Wind Chill Warning, Watch, Advisory: What’s the Difference?
The combination of very cold temperatures and gusty winds will combine for dangerously frigid conditions.
With extreme cold taking hold of New Jersey this weekend, the National Weather Service has issued the following:
--A Wind Chill Warning from 6 a.m. Saturday to 1 p.m. Sunday for Sussex county.
--A Wind Chill Warning from 4 p.m. Saturday to Noon Sunday for western Passaic county.
--A Wind Chill Watch from Saturday afternoon through Sunday morning for western Bergen county.
--A Wind Chill Advisory from 4 p.m. Saturday to Noon Sunday for eastern Passaic, Hudson, eastern Bergen, Essex, and Union counties.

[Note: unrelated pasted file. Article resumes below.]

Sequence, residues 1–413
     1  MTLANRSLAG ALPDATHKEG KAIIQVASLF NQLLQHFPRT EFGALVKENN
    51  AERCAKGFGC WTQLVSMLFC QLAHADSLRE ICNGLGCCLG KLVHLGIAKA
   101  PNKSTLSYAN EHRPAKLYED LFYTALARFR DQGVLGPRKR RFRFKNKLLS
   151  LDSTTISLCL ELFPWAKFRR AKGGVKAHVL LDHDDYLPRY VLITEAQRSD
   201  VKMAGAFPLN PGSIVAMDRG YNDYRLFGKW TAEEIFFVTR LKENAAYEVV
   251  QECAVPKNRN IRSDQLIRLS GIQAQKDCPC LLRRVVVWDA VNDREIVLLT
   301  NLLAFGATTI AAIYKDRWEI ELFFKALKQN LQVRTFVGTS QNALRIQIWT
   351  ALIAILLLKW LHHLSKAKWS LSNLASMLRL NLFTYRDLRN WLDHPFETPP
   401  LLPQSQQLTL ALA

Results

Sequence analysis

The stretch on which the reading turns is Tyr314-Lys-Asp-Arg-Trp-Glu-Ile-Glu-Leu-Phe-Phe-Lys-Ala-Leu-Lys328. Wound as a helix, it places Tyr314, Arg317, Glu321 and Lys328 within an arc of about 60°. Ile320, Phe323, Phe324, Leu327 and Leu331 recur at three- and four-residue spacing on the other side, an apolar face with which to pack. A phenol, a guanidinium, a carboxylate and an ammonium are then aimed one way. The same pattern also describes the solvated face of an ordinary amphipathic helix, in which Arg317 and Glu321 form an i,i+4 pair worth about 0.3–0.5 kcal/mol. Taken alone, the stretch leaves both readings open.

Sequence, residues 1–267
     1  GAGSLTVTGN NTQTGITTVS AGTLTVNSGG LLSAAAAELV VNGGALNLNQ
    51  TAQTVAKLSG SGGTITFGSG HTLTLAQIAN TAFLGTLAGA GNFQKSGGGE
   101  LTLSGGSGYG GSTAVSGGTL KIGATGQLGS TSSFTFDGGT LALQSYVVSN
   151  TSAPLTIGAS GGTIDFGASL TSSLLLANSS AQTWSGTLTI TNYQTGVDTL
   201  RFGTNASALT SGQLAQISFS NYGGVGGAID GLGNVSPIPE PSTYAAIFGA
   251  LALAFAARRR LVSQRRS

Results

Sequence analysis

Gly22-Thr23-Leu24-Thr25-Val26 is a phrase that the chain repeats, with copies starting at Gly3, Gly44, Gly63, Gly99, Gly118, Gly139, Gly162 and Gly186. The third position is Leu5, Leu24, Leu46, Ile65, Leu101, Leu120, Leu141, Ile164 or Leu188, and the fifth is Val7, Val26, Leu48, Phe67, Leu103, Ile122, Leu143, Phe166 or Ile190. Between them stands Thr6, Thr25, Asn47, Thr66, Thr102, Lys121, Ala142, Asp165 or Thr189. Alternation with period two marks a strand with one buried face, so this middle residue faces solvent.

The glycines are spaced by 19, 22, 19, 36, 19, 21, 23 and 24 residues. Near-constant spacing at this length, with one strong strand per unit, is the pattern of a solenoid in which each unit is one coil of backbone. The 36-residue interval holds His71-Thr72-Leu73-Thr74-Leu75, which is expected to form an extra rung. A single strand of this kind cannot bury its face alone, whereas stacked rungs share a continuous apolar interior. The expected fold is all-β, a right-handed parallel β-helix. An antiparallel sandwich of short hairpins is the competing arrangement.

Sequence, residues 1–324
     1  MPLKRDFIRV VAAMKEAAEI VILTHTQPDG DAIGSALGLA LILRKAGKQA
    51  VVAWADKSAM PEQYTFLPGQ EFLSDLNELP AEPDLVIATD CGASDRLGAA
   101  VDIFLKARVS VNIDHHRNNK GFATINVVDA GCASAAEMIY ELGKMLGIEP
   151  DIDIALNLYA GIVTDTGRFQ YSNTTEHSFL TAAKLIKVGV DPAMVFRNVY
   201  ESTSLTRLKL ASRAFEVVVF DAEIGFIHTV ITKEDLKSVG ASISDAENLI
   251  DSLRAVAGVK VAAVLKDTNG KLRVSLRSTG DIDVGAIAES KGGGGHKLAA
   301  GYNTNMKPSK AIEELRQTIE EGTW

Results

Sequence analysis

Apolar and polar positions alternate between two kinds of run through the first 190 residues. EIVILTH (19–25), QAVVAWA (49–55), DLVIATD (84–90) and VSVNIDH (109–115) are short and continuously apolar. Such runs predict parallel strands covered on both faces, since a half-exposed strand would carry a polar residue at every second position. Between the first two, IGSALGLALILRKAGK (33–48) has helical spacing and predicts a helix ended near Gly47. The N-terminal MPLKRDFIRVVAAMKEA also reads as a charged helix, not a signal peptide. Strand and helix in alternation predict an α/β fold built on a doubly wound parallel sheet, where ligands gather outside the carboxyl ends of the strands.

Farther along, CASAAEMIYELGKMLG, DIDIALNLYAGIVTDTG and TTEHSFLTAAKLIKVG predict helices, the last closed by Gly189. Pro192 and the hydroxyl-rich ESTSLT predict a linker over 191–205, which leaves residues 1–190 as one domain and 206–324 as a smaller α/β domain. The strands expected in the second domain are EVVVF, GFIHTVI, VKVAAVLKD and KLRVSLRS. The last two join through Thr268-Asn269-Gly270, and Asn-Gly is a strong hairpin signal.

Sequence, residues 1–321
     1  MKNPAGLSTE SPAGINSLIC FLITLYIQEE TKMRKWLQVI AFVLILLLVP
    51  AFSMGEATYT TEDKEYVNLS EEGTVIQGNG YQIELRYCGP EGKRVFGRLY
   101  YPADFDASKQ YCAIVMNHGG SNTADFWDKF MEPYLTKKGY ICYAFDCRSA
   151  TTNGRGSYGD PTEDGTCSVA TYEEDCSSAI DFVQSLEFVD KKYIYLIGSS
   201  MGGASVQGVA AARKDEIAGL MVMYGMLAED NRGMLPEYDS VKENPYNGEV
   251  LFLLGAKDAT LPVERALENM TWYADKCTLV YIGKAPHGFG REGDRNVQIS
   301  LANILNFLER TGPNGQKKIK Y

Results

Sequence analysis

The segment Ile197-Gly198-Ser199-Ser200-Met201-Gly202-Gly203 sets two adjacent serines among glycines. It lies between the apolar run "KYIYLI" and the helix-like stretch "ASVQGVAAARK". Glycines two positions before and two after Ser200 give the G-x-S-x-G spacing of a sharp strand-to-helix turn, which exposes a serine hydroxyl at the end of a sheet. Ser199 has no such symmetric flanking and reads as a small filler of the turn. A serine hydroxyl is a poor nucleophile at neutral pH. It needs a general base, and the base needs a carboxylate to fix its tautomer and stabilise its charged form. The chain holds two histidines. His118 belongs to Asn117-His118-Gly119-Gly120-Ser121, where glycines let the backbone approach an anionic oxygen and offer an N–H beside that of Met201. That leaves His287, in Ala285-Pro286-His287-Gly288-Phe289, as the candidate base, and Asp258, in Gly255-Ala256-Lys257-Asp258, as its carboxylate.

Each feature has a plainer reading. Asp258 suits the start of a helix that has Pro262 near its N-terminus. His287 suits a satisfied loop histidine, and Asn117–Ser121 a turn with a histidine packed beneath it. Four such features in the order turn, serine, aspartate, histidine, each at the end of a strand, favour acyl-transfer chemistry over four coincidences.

So what's the difference?
In general, a warning is issued when dangerous weather is expected that may endanger lives and/or property. A watch serves as an early "heads-up" of such dangerous weather. An advisory is a less urgent alert to the potential for less severe (yet still hazardous) weather.
Specifically for wind chill, the "magic number" in New Jersey is -24: A Wind Chill Warning is issued when wind chills are expected to fall below -24 degrees.
While meteorologists and climatologists do not keep detailed records of wind chills, it's pretty clear that this kind of extreme cold does not happen often in the Garden State. It is very important to take extra precautions against frostbite and hypothermia by wearing multiple layers and wearing a heavy coat, hat, and gloves.